Lawsuit Attacks Pre-2008 Traffic Cameras in New Way

A lawsuit filed in Knoxville takes a different approach in attacking the legality of traffic cameras than earlier litigation, which was unsuccessful. Basically, the new lawsuit says that – until July 1, 2008, when a law enacted by the General Assembly took effect – cities had no authority under state law to set up red-light camera systems and, therefore, they were illegal under state statutes and the state constitution.
While the lawsuit attacks red-light camera tickets issued in Knoxville, the argument, if accepted by the courts, would seem to apply to other cities that set up the cameras prior to July 1, 2008.
The text of the lawsuit is HERE. Rebecca Ferrar has a story on the matter. Here’s an excerpt:
Robert Pryor, the lawyer in the case, said his clients are seeking refunds of all fines, penalties, late fees and other charges made in regard to red-light tickets, not only for the four, but as a class for all those cited during the time frame the lawsuit covers.
The lawsuit covers the period from Feb. 1, 2005, when the city first passed the red-light ordinance, until the city passed another ordinance effective July 1, 2008, to mirror a state law effective the same day, making it a traffic violation to run a red light under camera programs.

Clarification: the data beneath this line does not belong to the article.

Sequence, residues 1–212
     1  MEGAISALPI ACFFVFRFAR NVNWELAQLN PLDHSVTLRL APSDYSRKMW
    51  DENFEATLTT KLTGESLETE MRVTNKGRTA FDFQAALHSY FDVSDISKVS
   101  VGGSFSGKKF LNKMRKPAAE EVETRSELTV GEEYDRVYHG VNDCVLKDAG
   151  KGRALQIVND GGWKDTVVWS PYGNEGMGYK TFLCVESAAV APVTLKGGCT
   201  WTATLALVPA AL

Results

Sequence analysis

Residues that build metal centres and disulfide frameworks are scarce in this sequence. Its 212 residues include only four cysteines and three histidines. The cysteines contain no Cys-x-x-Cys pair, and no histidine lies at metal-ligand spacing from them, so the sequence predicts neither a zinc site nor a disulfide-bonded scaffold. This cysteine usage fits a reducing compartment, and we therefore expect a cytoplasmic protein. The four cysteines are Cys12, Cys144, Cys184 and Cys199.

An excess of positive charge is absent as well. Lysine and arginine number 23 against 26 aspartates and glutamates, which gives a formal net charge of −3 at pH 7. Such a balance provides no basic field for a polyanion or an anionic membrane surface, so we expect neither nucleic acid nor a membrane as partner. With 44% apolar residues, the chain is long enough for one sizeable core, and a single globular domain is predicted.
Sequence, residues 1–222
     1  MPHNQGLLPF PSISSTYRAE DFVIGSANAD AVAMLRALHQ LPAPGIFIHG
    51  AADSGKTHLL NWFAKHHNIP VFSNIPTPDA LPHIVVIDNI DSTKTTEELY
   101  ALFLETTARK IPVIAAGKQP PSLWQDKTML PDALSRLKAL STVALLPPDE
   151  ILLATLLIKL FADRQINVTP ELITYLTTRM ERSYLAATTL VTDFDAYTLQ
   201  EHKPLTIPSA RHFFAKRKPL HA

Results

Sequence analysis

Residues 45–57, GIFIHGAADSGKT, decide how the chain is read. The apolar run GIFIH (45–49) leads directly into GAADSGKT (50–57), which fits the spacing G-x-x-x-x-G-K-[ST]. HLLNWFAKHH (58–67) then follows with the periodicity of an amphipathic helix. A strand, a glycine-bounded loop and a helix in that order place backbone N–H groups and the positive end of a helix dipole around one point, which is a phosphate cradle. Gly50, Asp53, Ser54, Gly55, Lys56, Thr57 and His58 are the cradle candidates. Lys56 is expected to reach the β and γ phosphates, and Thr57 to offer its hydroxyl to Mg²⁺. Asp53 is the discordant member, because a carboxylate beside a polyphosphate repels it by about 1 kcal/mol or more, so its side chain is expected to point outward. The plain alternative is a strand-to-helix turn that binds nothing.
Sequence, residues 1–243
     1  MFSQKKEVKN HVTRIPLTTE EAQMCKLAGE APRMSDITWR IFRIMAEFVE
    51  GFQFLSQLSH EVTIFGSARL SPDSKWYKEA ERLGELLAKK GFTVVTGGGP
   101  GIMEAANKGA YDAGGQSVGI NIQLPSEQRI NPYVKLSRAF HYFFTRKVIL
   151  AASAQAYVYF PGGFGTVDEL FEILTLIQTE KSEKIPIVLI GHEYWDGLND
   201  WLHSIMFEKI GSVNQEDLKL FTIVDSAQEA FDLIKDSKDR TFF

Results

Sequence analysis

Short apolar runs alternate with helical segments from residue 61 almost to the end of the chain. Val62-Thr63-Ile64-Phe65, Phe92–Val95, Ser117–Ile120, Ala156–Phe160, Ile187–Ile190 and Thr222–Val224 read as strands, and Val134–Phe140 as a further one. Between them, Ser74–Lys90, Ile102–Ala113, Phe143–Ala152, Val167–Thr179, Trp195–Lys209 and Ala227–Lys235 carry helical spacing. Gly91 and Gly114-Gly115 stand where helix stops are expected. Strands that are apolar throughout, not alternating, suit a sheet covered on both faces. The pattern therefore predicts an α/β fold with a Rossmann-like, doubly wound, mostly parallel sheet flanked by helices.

Knoxville actually put its red-light camera program in place in February 2006, when the cameras were installed, the lawsuit states.
Pryor argues violations charged under Knoxville’s red-light camera ordinance are invalid because such charges did not conform with any existing state law, making them unconstitutional. The state constitution says there must be “consistency” between municipal laws and state laws and that municipal laws shall not conflict with state laws, according to the lawsuit.
Pryor says it’s a legal claim that has not been made before in Tennessee.

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